After two years of writing for an average of 30 minutes a day, on and off, I finally reached the momentous milestone – a completed first draft. I am proud of how far I have come, but I am aware that this is merely the first step in the much longer process from blank page to publication. If you want to read more about both twins first draft, check out our posts on the matter here and here.
Like many writers, when I wrote that final sentence, alongside a gargantuan feeling of pride mixed with equal parts relief, my first thought was “what’s next?” Diving straight ahead into line edits and bashing out a revised second draft didn’t feel like the right way forward for me, considering that there were plenty of issues that needed to be addressed that stretched far beyond wording and punctuation. So I formulated an action plan that I hoped would help iron out these plot, structure and character-related creases and get me in a focused and confident position to move forward. If you are happy with the structure of your story and are keen to start editing the detail, Heather has written 2 really useful posts that can be found here and here.
Now, this was originally going to be one blog post, however, it ended up being way too long, so I’ve split it into sections, of which I’ll post one each day this week. Links to all sections can be found below, as soon as the last post has been made live!
So, the plan I followed goes something like this:
- Print it off.
- Have a preliminary read through and cut out any initial ‘waffle’ that doesn’t serve the scene, and overall plot.
- Create character sketches.
- Create a scene list.
- Using the printed draft and the scene list, assess each scene in line with a ‘scene/sequel’ framework.
5a. Cull any further waffle. Reorder scenes where necessary.
5b. Add in scenes/notes for key details that may have been missed first time around.
- Write a descriptive summary of the entire plot, from start to finish.
- Face the second draft with a new-found confidence that you will be able to write and edit with more focus and clarity.
Step 1 – Print it off
Printing off your draft can be helpful at all stages of writing, not only when you wish to line-edit. There are many benefits of having a printed copy of your first draft, here are just a few:
- It can be motivating – If you are anything like me, it’s easy to reach a stasis after completing the first draft – it happens to all of us at some point. However, I’ve found that there really is nothing like seeing hundreds of pages of all your hard work to give you the kick up the butt you need to keep plodding forward.
- It increases objectivity – I don’t know why, but if you ask most people whether they find it easier to proof something on screen or on a printout, the majority will say they find it easier to spot mistakes on a printout. Whether it is to do with the fact that you are viewing the content in a different environment, or you just naturally spend more time with a printed page, being able to take an objective and critical look over your draft is essential.
- Taking a red pen to it can be liberating – To put it bluntly, using a red pen to cut out swathes of unnecessary junk can feel really satisfying. Furthermore, if that copy is wonderfully written – yet totally redundant when it comes to serving a purpose in your narrative – you may find it easier to cross it out, rather than delete it entirely from your digital draft and send it flying into cyberspace heaven. The printout can feel like a safety net, where mistakes can be made, things added and taken away, without the fear of permanent change. I find I am more bold and ruthless this way – and it helps to control my hoarding tendencies!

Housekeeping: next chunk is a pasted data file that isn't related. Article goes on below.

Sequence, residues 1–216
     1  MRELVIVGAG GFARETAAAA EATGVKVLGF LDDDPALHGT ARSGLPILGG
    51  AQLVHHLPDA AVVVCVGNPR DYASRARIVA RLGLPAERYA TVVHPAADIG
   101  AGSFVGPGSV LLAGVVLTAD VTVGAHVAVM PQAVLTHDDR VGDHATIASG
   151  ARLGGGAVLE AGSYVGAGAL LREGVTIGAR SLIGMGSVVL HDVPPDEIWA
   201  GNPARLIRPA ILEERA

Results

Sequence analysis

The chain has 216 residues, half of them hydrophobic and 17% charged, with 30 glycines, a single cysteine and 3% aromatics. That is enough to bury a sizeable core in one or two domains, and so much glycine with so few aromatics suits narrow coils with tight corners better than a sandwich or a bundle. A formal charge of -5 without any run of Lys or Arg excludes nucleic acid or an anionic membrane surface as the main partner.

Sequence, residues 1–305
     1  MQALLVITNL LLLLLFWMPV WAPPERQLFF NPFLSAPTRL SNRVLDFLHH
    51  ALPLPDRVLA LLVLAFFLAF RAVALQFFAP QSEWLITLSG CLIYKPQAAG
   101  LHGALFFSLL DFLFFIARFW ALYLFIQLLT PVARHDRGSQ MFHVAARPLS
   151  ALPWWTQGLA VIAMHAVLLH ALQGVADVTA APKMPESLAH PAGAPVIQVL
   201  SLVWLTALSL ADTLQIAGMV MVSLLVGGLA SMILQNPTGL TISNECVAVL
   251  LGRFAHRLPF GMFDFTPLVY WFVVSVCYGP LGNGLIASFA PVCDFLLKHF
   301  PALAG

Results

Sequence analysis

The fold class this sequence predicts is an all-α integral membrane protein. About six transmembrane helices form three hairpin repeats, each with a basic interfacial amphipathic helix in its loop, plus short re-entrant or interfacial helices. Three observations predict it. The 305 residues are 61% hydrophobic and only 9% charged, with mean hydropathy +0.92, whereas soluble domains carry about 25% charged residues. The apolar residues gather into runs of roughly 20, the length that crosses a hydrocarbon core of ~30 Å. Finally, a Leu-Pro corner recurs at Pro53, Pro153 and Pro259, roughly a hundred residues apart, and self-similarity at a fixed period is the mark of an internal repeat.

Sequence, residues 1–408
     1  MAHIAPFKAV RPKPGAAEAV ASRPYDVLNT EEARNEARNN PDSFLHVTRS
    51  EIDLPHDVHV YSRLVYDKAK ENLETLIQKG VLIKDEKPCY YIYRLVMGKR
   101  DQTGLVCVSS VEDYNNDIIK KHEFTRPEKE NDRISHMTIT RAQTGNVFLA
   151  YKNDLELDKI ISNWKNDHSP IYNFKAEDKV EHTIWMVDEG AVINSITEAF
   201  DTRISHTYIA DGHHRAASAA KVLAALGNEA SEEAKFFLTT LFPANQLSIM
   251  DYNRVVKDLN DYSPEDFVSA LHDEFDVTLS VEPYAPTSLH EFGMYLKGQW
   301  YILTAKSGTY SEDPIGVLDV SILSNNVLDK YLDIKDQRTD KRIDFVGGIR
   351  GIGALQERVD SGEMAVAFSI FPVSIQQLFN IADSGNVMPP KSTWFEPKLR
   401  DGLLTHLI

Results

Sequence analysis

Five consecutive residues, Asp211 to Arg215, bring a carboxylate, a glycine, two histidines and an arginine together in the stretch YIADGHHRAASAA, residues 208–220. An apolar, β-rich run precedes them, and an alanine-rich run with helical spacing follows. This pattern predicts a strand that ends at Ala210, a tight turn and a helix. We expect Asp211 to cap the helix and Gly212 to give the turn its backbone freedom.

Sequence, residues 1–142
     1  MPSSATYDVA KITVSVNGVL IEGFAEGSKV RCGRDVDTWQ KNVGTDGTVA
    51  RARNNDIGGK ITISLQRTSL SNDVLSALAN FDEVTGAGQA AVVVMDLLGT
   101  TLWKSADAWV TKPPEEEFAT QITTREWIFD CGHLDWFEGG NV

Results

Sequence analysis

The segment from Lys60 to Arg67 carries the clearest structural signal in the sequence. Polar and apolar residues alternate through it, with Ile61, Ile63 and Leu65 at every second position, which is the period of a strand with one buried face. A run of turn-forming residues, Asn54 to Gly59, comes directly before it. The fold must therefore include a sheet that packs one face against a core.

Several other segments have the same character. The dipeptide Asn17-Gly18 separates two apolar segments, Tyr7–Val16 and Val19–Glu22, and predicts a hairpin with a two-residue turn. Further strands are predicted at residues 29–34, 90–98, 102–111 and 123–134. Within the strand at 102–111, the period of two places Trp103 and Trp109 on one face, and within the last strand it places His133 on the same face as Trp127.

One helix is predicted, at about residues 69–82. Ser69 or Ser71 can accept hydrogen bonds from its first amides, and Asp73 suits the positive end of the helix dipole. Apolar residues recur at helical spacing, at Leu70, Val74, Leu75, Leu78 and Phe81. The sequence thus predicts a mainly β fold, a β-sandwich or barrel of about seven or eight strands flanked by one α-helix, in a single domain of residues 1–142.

You may be thinking that printing can be pretty darn expensive, and you may not trust your personal printer to cope with such copious amounts of ink and paper – I certainly didn’t! If that’s the case, don’t fear, because there are a few online services that can print your draft off for a very reasonable price. I would assume that most peoples’ first drafts will be okay printed in black and white, which immediately drops the costs dramatically, so don’t be put off having a look to see if you can find a service that you can afford. I used a website called Dox Direct. They were great, very efficient and gave me an accurate, extremely competitive price of £13.75 pounds for 270 black and white pages. To get the cost down further, I chose a double-sided print – my ego would have liked to have seen how thick the drafted pile would have been if I had gone single sided – but the slash in price was worth the smack to my ego. However, I did allow myself the luxury of having them hole-punch it for me – living the dream! And for the sake of a couple of pounds, it saved me plenty of faff and the frustration of doing it myself.
So there you have it, a quick round up of Step 1 of my first draft editing action plan. Comment below and let me know your thoughts on print-outs, and if you have any further tips and recommendations – I’d love to hear from you!
Left – me looking pretty rough at work with my ‘baby’ 😀
Right – what 270 (double sided!!!) pages look like printed #proudmoment